In a range of our online and blended/hybrid programs at EMU and in the Collaborative MBA, we have been making increased usage of web conferencing technologies to create opportunities for more live engagement for our students in these kinds of programs. For Mennonite education, building a learning community is a highly-valued goal of what we do to fulfill our mission as educators in a Christian higher ed context.
In order to help spread best practices from faculty who have had good experiences learning how to teach well with these web conferencing platforms, we developed the following 45 minute screencast discussion between two instructors in Mennonite-affiliated schools: Jim Leaman (EMU, Business & Econ Dept) & Steven Webster (Bluffton University, Adjunct business instructor). We’ve included the slide deck below the video…
The following video provides a brief introduction to the use of the Synectic method of teaching for the humanities. The video primarily outlines the synectic use of Science Fiction to engage issues of ethics and leadership. This presentation also models the use of Adobe Voice on the iPad for presentations with voiceovers. The content was originally developed for a “TED Talk” presentation at a workshop on Ethics and Leadership Education.
I would imagine that the best part of being a roller coaster designer is being first in line to test your latest creation. As a thrill ride designer you create an experience that you would enjoy riding. There must be an extreme amount of excitement as you watch construction crews bringing the product of your imagination to life. Imagine the day that the ride is to open for the first test run. The designer and others who have been involved in the project are pacing back and forth on the starting platform. There is an air of excitement as they nervously chatter about what the ride will be like. Several are standing next to the aerodynamically designed vehicles anxiously waiting to climb in and experience that first drop or loop. There is possibly some degree of nervousness in this moment of anticipation where the air is heavy with the unspoken question, “Will it be worth the price of admission?” (more…)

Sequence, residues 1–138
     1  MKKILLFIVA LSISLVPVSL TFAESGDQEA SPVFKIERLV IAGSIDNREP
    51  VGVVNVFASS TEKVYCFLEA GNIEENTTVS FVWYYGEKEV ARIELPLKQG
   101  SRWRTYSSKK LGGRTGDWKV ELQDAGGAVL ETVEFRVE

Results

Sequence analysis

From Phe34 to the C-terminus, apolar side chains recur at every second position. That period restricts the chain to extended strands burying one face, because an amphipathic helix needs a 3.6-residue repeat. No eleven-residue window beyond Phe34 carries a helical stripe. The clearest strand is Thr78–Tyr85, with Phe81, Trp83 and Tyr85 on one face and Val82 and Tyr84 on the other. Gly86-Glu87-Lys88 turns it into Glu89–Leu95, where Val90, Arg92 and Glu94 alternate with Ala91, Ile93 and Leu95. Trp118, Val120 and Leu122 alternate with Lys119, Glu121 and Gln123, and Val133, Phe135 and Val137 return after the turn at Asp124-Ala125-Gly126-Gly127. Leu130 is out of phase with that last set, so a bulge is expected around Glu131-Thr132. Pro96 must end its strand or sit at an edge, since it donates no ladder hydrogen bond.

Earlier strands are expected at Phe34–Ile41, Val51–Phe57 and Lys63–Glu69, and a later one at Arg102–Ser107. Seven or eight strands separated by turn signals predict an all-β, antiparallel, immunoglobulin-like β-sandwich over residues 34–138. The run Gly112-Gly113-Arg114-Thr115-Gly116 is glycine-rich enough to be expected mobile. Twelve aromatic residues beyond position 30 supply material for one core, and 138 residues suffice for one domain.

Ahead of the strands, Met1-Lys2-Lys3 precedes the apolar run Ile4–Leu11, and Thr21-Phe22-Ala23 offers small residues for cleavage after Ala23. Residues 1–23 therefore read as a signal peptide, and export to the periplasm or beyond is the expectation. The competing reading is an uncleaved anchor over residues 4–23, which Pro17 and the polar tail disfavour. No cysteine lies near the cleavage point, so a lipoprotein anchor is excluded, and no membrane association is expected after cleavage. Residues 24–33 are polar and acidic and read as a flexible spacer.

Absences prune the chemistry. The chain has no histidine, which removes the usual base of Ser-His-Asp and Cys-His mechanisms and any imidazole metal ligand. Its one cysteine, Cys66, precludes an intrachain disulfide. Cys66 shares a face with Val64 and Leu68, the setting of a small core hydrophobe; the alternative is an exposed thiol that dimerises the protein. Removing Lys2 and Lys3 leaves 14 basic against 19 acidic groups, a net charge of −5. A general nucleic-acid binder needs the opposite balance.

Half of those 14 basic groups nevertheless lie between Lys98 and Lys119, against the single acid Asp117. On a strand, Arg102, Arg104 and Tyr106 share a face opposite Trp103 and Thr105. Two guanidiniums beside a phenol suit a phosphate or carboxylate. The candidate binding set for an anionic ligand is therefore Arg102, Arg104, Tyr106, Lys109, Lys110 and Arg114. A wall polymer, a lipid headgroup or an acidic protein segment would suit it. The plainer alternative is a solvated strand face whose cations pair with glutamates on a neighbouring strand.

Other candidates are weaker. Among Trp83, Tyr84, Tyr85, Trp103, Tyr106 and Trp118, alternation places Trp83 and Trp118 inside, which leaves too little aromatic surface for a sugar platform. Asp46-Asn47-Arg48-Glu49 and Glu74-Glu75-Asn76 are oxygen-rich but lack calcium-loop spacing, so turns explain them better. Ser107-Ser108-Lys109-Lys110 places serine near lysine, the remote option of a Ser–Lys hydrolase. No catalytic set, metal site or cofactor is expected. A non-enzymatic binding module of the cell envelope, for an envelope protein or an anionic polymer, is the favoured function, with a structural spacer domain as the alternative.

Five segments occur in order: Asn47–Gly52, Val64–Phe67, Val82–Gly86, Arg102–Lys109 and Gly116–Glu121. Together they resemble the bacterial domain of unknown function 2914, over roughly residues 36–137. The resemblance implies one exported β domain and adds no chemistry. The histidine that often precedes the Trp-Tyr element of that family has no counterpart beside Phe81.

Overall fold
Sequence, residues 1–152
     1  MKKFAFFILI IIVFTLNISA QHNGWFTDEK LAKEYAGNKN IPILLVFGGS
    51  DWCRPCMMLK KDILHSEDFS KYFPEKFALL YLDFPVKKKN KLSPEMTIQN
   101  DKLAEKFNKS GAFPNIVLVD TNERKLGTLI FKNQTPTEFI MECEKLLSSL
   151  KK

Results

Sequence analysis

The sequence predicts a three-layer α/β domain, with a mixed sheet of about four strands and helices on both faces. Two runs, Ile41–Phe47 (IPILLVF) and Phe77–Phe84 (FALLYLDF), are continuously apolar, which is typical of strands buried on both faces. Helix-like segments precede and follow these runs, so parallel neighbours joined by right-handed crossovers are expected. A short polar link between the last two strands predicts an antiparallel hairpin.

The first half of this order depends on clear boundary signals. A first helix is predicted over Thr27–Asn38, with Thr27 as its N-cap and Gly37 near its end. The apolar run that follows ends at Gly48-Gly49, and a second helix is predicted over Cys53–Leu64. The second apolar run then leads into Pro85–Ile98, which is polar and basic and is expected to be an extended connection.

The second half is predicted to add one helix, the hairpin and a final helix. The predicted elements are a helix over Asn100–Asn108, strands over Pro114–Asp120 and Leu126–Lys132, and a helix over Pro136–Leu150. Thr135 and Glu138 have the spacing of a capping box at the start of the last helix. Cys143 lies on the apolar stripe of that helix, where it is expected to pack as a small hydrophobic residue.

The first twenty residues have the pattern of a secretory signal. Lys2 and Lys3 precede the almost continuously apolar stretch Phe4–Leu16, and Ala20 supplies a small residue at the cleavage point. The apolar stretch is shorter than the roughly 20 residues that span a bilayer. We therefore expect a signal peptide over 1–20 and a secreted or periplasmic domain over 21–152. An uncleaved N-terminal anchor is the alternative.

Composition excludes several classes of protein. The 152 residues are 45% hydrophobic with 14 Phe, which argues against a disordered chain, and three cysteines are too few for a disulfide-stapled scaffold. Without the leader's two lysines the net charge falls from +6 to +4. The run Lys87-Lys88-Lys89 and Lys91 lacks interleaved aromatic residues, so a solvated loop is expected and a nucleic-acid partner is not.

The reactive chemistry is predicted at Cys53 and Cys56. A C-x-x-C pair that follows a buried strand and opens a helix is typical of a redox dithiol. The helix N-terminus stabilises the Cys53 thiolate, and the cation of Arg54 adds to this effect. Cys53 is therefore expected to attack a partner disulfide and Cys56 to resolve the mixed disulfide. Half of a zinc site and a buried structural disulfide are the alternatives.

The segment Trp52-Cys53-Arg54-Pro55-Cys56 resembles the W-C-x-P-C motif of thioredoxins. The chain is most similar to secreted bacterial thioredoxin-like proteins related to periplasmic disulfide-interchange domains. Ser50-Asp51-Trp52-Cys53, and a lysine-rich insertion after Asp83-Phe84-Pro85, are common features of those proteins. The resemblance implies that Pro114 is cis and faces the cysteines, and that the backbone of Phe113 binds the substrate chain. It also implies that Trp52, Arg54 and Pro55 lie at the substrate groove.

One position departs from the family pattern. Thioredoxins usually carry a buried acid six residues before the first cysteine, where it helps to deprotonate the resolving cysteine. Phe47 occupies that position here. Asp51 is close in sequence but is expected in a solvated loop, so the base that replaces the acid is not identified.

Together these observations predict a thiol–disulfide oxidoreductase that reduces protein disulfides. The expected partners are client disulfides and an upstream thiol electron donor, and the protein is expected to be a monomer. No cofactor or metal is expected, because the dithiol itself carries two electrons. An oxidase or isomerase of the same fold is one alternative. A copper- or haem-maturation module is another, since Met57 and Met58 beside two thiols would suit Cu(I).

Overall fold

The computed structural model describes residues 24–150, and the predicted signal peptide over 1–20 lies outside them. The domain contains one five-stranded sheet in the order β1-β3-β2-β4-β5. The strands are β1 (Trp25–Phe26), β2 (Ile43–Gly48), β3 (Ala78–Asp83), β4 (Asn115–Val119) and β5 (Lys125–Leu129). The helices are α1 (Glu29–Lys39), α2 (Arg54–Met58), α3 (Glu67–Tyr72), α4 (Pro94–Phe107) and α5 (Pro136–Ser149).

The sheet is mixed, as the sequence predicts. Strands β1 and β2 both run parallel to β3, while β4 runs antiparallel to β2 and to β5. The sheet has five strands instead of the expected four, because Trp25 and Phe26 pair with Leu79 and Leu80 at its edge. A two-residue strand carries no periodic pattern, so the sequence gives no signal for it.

The Fear of Obsolescence
Nothing haunts most people more than the fear of becoming outdated, obsolete, and no longer valued. This can probably be said more for educators than most other professions, especially as the form of education continues to rapidly change. While the form of education might be changing the function remains the same; to invite others to learn. The fear of change is a fascinating phenomena especially in a field that’s purpose has tended to be about facilitating change. Education brings about great change in the lives of individuals, communities, and entire continents, yet some educators opt for a static existence and strive to retain the status quo in regard to their own self preservation. Typically this is an unconscious act grounded in our base human nature. The thought of transitioning to online education elicits this feeling of outdatedness for educators. This fear becomes unfounded if the educator works with an educational designer who can guide them through the transition.
[Editor’s note: This is a guest post by EMU MBA professor, Jim Leaman. -bg]
This past semester was my third experience teaching a hybrid course. All were in the EMU MBA program where classes meet alternating weeks, onsite and online; this was also with my third different set of software tools. The technologies used in online teaching both limit and enhance pedagogy; the two need to be considered together when transitioning from traditional teaching environments.
Bridges are phenomenal feats of engineering that are used to traverse obstacles that would otherwise prohibit the connecting of societal groups. Often bridges have served to connect disjointed land masses bringing the various cultures of each into a shared environment. Throughout history bridge designs have changed to serve the various needs of the terrain being spanned and to withstand the weather conditions of the environment. The four basic types of bridges are beam, truss, arch, and suspension with variations that incorporate aspects of each. While the bridge design may vary its primary purpose remains the same.
Educational Design is an area of academia that has proven difficult to pin down into a specific area of the pedagogical landscape. Is it IT or is it education? I would propose that it is neither and both. Educational Design provides the often needed bridge between two important aspects of pedagogy. With a system of trusses, beams and arches firmly anchored on both sides of the divide, Educational Design understands both worlds in which it spans. The role of Educational Design is one of translation and implementation where the information of both areas is melded into power pedagogical tools that engage the student and transforms the educational landscape.
Bridges are more than utilitarian structures that serve to meet the needs of travelers. Bridges are functional wonders of architectural design that both awe and inspire those that traverse them and those that admire the manner in which they transform the landscape. Bridges, like Educational Design, bring together technical expertise and innovative design, to provide solutions to a spatial dilemma.